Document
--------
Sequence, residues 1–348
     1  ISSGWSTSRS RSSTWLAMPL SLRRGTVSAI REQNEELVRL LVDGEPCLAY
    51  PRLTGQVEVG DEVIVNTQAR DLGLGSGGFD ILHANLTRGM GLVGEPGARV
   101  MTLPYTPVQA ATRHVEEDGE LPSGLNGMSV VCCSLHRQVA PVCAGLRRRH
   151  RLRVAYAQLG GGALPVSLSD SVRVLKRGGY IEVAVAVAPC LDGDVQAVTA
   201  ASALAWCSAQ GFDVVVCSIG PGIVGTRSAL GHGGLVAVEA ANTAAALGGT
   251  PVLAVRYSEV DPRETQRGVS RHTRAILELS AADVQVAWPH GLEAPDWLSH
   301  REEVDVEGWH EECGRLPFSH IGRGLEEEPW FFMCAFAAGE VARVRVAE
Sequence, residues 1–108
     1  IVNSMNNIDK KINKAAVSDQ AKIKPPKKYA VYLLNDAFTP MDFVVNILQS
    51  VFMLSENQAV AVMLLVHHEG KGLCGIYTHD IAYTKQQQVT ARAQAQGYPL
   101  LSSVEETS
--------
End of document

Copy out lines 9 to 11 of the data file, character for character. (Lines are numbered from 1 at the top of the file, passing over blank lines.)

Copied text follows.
Sequence, residues 1–108
     1  IVNSMNNIDK KINKAAVSDQ AKIKPPKKYA VYLLNDAFTP MDFVVNILQS
    51  VFMLSENQAV AVMLLVHHEG KGLCGIYTHD IAYTKQQQVT ARAQAQGYPL